Parallel transcriptome evolution in stream threespine sticklebacks

Jun Kitano, Asano Ishikawa, Makoto Kusakabe

Research output: Contribution to journalArticlepeer-review

12 Citations (Scopus)


Natural selection can cause similar phenotypic evolution in phylogenetically independent lineages inhabiting similar environments. Compared to morphological, behavioral, and physiological traits, little is known about the parallel evolution of transcriptome. Furthermore, the relative contribution of cis- and trans-regulatory changes to parallel transcriptome evolution largely remains unclear. The threespine stickleback fish (Gasterosteus aculeatus) is a great model for studying parallel evolution because its ancestral marine populations independently colonized freshwater habitats in multiple geographical regions, resulting in independent pairs of marine and freshwater ecotypes in each region. Here, we investigated transcriptomic parallelism among the marine and stream ecotypes of Japanese and Canadian threespine sticklebacks by conducting common garden experiments and microarray analysis of the brain, which controls several physiological and behavioral traits differing between these ecotypes. We found parallel expression differences in 103 genes, including those encoding the enzymes involved in taurine synthesis and glycoprotein hydrolysis. The number of genes differentially expressed in parallel was significantly larger than the number of genes showing an antiparallel pattern (71 genes). To investigate the genetic architecture underlying transcriptome divergence, we re-analyzed the previous expression quantitative trait locus (eQTL) data and found that most eQTLs were located on the same chromosome as the transcripts, possibly in cis-regulatory regions. Furthermore, the effect sizes of the eQTLs on the same chromosomes were larger than those on different chromosomes. Thus, we found that divergence in the brain transcriptome between the ecotypes shows parallelism and is mainly caused by genetic changes occurring on the same chromosome as the target genes.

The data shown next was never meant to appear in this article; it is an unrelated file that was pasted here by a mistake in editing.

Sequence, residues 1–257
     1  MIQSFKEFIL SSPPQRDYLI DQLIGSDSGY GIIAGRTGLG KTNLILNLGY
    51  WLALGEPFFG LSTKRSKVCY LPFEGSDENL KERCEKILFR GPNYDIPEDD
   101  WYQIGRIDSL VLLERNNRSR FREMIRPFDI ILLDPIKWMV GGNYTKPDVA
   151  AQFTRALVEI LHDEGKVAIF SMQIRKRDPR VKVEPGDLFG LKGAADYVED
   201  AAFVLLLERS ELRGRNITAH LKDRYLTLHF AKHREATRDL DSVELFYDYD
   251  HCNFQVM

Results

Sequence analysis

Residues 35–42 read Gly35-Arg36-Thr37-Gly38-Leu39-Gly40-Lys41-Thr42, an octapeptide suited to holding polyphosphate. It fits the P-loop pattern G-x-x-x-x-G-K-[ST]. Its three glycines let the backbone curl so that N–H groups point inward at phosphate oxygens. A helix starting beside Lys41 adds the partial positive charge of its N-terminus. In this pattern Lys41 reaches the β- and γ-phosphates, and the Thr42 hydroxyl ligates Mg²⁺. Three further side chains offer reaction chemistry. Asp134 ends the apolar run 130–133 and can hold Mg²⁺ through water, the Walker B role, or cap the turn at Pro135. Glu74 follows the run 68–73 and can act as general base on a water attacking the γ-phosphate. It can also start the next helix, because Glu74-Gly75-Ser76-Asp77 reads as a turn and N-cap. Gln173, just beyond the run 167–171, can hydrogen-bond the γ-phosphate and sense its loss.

Original languageEnglish
Pages (from-to)104-113
Number of pages10
JournalDevelopment Growth and Differentiation
Issue number1
Publication statusPublished - 2019 Jan
Externally publishedYes


  • CSAD
  • cis-regulatory changes
  • convergent evolution
  • gene expression
  • trans-regulatory changes

ASJC Scopus subject areas

  • Developmental Biology
  • Cell Biology


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